Cyclic nucleotide phosphodiesterase isoenzyme activities in human alveolar macrophages
Article first published online: 27 APR 2006
Clinical & Experimental Allergy
Volume 25, Issue 7, pages 625–633, July 1995
How to Cite
TENOR, H., HATZELMANN, A., KUPFERSCHMIDT, R., STANCIU, L., DJUKANOVIC, R., SCHUDT, C., WENDEL, A., CHURCH, M. K. and SHUTE, J. K. (1995), Cyclic nucleotide phosphodiesterase isoenzyme activities in human alveolar macrophages. Clinical & Experimental Allergy, 25: 625–633. doi: 10.1111/j.1365-2222.1995.tb01110.x
- Issue published online: 27 APR 2006
- Article first published online: 27 APR 2006
- Submitted 18 August 1994; revised 9 January 1995; accepted 20 January 1995.
- alveolar macrophages;
Background Alveolar macrophages and their precursors, the monocytes are involved in airway inflammation in asthma. An increase in intraceliular cAMP by PDE inhibitors is known to suppress macrophage and monocyte functions. A comparison of the PDE-isoenzyine profiles of human alveolar macrophages from normal and atopic donors and of human peripheral blood monocytes might form a basis to differentially affect functions of these cells by PDE inhibitors.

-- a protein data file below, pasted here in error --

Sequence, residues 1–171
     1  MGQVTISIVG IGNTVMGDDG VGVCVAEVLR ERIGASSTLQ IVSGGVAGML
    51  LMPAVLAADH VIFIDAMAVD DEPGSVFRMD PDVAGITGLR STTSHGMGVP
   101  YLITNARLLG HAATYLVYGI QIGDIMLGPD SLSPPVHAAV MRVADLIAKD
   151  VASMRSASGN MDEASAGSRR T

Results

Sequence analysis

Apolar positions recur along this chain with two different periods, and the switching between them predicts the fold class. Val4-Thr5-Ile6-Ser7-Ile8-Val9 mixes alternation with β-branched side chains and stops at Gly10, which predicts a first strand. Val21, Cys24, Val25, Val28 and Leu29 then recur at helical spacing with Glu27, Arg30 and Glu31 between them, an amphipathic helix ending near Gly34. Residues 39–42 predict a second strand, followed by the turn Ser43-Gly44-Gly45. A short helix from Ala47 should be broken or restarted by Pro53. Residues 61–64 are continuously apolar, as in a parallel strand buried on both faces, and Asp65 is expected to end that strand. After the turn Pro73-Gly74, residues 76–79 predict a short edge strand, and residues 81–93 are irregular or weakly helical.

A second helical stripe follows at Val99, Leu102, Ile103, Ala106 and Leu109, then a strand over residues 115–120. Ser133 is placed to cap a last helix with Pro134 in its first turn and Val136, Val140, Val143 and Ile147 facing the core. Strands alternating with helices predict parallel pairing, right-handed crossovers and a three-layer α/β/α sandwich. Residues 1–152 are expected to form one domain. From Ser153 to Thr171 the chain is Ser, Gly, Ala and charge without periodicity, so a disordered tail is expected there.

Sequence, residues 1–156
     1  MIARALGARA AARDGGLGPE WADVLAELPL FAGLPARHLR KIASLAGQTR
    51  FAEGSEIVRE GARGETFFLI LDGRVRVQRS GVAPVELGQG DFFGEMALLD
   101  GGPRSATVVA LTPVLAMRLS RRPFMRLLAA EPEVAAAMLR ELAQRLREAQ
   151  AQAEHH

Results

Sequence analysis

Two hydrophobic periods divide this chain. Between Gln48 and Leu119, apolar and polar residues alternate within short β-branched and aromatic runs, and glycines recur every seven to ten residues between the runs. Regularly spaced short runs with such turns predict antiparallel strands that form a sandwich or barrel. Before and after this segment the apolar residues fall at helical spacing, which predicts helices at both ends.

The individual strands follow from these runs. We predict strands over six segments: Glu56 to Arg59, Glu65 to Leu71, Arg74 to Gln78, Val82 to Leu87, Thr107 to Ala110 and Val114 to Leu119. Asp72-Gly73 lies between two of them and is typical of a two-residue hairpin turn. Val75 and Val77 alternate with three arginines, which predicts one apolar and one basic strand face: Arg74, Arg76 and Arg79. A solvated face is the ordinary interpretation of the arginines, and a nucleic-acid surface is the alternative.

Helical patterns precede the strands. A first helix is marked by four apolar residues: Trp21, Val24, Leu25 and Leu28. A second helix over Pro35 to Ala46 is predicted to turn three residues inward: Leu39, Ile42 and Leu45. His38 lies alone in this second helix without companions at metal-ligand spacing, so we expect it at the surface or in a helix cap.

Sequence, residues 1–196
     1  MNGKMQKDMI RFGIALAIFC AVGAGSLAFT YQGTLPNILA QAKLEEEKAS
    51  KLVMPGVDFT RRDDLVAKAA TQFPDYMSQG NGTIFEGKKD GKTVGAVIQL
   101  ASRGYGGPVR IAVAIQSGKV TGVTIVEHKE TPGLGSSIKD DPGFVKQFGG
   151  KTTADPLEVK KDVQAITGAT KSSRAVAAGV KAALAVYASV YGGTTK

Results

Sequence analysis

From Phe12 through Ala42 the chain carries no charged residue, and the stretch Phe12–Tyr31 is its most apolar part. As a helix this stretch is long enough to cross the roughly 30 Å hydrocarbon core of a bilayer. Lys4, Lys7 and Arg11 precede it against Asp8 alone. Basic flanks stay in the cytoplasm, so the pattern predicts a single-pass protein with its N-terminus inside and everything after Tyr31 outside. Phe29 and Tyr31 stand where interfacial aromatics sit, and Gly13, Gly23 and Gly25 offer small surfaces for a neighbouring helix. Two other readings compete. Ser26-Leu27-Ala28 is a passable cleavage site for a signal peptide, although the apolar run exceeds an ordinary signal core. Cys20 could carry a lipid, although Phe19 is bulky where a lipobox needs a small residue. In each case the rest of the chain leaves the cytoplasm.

Objective The study compares the PDE isoenzyme activity profiles of human alveolar macrophages from normal and atopic asthmatic donors and human peripheral blood monocytes. In addition, the effect of in vitro maturation of monocytes on their PDE isoenzyme profile is studied.
Methods Macrophages were purified (95-97%) by adherence to plastic, and blood monocytes were purified (88%) by counter-current elutriation. PDE isoenzyme activity profiles were investigated using isoenzyme selective inhibitors and activators.
Results In macrophages substantial PDE I activity, which was significantly higher than PDE IIF-V activity was detected and PDE II was absent. PDE III was membrane-bound whereas PDE I, IV and V were soluble. No difference was found between alveolar macrophages of normal donors and atopic asthmatics. Monocytes exclusively contained PDE IV but their in vitro maturation led to a PDE isoenzyme profile similar to that of alveolar macrophages.
Conclusion These results indicate that human monocytes and alveolar macrophages are distinct targets for the effects of selective PDE inhibitors while alveolar macrophages from normal and atopic individuals appear to be equally sensitive.